November 2017 brought drought to Iowa


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A portion of the dried up East Indian Creek southeast of Nevada during the 2012 drought. (Carl Wycoff/flickr)
Jenna Ladd | December 5, 2017

Last month was the driest month since 2007 according to state climatologist Harry Hillaker.

Hillaker spoke with Radio Iowa this week and said, “Overall a state average of .43 of an inch of moisture for the month, which is about 20 percent of what is usual. And actually the driest of any calendar month going back to November of 2007.”

Conditions were abnormally dry at all monitoring stations, especially in northwestern Iowa, where some areas of Ida county and Cherokee county received zero precipitation last month. The whole state only saw a minuscule amount of snow for the eighth time in Iowa’s 131-year weather record.  Hillaker said, “The statewide average was just a trace of snow and typically we’d get three to four inches of snow during the month of November.”

While there were some colder days in the beginning of November, warmer than average temperatures during the second half of the month made snowfall even less likely. The climatologist pointed out that there was virtually no precipitation in the state after the 18th of November.

November wraps up the fall season of September, October and November. Although November 2016 brought record-high temperatures, Iowa Environmental Mesonet reports that temperatures for last month were near average.

Construction of 10,000 head cattle lot could ruin Bloody Run Creek


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Cattle (LHOON/ flickr)
Kasey Dresser | November 24, 2017

Walz Energy is building a 10,000 head cattle feeding facility and methane digester near Highway 18 & 52 east of Monanan. The company’s goal is to capture methane from the manure and other added food waste to generate natural gas that can be used to power cars and trucks. This is a part of Iowa’s Energy Plan to support 1,000 more biogas projects. A biogas project takes raw materials like sewage, plant waste, etc. and turns it into renewable energy.

Jon Haman, Walz Energy’s chief operating officer, has openly discussed the project’s positive environmental impact. The facility will generate new and renewable energy without a carbon footprint and reduce waste in landfills. Over the last few months, the process has received a lot of backlash from nearby residents. One of the biggest concerns is contamination to Bloody Run Creek.

On October 11th, a violation was issued for inadequate stormwater protection after waste leaked into Bloody Run Creek. Bloody Run Creek is the ninth most fished creek in Iowa and known for the crystal clear water. A lot of money and resources were invested in the stream and it would be extremely harmful to the nearby community if it were polluted.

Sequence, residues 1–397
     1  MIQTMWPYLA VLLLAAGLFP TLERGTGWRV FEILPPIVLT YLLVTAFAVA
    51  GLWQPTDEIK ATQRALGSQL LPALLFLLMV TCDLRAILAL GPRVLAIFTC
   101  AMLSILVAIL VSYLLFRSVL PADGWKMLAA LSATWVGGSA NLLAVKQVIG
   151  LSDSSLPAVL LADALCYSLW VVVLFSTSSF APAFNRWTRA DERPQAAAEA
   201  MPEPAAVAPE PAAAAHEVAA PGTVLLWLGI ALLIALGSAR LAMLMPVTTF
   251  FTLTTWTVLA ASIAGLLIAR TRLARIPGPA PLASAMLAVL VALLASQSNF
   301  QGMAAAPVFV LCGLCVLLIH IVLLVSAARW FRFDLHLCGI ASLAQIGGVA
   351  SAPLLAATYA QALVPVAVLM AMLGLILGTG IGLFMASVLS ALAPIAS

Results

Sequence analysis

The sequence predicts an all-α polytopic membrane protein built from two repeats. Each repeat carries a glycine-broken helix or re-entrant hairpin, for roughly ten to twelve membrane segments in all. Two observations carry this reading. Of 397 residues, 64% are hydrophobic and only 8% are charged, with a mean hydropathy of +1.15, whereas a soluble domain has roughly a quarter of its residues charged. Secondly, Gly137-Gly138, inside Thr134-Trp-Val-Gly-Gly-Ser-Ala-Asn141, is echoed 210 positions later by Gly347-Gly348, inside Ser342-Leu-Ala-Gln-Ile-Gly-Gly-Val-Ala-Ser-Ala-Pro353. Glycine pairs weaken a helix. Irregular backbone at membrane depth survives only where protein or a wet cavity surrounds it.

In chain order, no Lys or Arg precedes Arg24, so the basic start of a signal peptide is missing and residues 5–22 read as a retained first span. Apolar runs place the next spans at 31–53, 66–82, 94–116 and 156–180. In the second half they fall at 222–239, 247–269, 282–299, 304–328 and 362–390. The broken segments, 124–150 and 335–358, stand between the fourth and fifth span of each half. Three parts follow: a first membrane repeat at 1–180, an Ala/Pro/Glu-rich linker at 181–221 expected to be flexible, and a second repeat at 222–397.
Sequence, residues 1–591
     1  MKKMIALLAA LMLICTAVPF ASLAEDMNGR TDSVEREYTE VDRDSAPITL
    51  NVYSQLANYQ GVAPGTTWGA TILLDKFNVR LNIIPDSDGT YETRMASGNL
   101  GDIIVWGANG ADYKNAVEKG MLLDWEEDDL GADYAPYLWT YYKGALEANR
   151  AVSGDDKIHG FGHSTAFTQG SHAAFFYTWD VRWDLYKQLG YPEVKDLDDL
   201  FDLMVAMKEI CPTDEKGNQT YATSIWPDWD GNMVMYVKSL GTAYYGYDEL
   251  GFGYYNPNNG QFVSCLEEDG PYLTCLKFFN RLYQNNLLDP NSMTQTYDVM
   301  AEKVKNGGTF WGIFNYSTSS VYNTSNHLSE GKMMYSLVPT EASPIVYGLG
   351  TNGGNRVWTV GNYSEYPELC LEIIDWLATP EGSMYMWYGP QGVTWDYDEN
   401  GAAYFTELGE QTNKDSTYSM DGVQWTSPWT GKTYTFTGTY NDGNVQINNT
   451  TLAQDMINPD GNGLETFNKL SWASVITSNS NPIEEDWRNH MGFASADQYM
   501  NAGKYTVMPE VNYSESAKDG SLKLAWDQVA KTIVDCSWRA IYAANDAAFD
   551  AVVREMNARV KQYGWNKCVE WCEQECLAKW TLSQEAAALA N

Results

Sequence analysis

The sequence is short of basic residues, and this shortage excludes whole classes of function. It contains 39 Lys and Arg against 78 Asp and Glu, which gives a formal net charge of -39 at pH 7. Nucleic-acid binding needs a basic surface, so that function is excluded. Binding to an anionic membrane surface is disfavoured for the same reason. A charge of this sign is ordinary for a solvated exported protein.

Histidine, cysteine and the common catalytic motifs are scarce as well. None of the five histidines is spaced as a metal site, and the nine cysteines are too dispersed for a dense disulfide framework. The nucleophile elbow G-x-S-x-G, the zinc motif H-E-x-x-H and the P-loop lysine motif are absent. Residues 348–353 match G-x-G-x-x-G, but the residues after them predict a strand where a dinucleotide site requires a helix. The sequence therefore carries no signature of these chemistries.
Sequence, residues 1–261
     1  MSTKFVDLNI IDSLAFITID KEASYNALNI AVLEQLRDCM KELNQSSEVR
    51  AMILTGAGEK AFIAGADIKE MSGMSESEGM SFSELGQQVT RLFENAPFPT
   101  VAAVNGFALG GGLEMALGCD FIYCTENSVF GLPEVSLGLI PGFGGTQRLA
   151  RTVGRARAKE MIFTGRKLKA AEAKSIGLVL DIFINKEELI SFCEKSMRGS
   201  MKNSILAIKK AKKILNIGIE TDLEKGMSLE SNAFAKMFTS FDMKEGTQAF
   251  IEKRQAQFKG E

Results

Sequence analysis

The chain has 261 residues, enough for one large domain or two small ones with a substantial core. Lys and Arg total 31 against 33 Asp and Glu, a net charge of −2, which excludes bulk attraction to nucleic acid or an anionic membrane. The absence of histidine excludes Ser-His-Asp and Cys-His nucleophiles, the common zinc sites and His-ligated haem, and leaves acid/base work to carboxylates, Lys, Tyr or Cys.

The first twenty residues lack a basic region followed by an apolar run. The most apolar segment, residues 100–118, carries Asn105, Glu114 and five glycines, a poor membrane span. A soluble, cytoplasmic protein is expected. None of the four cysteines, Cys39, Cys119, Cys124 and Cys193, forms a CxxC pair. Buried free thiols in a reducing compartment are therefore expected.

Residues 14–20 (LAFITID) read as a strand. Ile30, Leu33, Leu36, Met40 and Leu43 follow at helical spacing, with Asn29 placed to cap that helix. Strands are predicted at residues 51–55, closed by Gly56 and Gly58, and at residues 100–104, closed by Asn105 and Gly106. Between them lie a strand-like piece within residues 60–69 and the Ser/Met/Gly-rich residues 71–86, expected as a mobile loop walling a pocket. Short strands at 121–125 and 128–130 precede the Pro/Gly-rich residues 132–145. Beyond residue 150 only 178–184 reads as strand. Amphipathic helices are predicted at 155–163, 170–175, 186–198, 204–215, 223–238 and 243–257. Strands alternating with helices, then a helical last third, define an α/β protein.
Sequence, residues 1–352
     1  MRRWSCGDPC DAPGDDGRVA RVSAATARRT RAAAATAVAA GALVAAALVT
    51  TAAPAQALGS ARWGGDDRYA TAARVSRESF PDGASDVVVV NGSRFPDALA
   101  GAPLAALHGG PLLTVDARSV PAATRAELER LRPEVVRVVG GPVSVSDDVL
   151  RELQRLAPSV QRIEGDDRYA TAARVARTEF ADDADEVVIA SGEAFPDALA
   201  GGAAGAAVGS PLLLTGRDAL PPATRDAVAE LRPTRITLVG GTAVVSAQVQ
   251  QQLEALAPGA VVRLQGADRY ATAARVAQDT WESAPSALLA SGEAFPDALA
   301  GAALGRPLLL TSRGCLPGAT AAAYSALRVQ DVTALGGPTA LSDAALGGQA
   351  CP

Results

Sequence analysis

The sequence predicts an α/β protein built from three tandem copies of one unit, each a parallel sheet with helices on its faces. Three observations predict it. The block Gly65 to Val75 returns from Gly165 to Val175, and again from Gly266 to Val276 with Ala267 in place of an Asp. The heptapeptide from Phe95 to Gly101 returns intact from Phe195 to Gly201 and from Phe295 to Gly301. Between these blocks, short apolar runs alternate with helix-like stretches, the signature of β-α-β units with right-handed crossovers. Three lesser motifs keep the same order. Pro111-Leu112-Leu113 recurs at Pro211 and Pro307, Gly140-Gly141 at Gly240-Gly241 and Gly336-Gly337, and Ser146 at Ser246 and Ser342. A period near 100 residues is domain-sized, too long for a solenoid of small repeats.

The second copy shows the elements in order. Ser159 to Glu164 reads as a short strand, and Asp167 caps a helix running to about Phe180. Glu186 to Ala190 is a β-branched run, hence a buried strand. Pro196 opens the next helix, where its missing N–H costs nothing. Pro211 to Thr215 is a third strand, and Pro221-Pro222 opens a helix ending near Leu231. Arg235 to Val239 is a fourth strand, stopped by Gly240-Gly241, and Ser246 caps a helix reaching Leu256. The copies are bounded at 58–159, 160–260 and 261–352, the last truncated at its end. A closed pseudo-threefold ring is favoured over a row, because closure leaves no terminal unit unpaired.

After inspection the DNR ordered Walz Energy to fix their containment basin to prevent further discharge and the company began to make changes hours later. The Iowa DNR has inspected the project several times since and Walz Energy is ensuring their cooperation. At this point, the DNR has still denied a National Pollution Discharge Elimination System permit (NPDES) three times.

Bill Ehm, the lead on DNR’s environmental services, has asked them to improve protection from leakage but does not have authority at this time to ask them to stop construction.

According to Susan Heathcote, water program director for the Iowa Environmental Council, “Bloody Run will continue to be degraded with each rainfall as long as construction is allowed to continue without an effective pollution prevention plan.” On November 29th the Iowa DNR will be holding a public hearing about the stormwater construction permit from 4 to 6pm in the Clayton County Building, 600 Gunder Road in Elkader.

More information about other concerns can be found at https://www.desmoinesregister.com

UN Environment calls for action regarding mining pollution


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Pollution (eltpics/ flickr)
Kasey Dresser | November 17, 2017

On November 5th 2015, Germano mine, an iron-ore mine in southeast Brazil, collapsed killing 19 people and destroying 650 kilometers of fertile valley before spilling into the ocean. More than 33 cubic meters of tailing was released. This disaster was detrimental to the economy as the local fishing community was practically eliminated; meaning no fish for food and tourists became scarce as the water was no longer swimmable.

Joca Thome, a local resident who works for Brazil’s Chico Mendes Institute of Biodiversity Conservation, describes how these kind of incidences are too physically and psychologically severe for the victims. They need to be eliminated.  “As well as monitoring the impact in the estuary and the ocean, I am trying to help the community and the fishermen to understand what has happened to them,” Thomé says. “They are getting compensation from the mining company to keep them going. But thousands of people have had their lives upended and they do not know what their future will be.”

Mine tailing is a sludgy- mud like material leftover from mining facilities. There have been 40 tailing failures in the last decade alone. There is no exact statistic for the number of tailing dams in the world or the volume of each but there are 30,000 industrial mines worldwide. More mining failings could lead to long-term damage to the environment while destroying the surrounding cities.

The new Rapid Response Assessment was released a few days ago by UN Environment and GRID-Arenal. It calls for international action and a “safety-first” methodin regards to management and on the ground procedure. The report states, “safety attributes should be evaluated separately from economic considerations, and cost should not be the determining factor.”  This could create a mining database to develop the best technical methods for stopping failure completely. If regulations expand this might create an independent monitoring system of waste dams that could result in financial or criminal punishment for non-compliance. The report also mentions developing cleaner processes with new technology and re-using materials to reduce waste.

December 4-6, the UN Environmental Assembly will meet to discuss more effects of pollution on the environment. The report also recommends a specific stakeholder forum to put international policy in place to regulate mining tailings dams.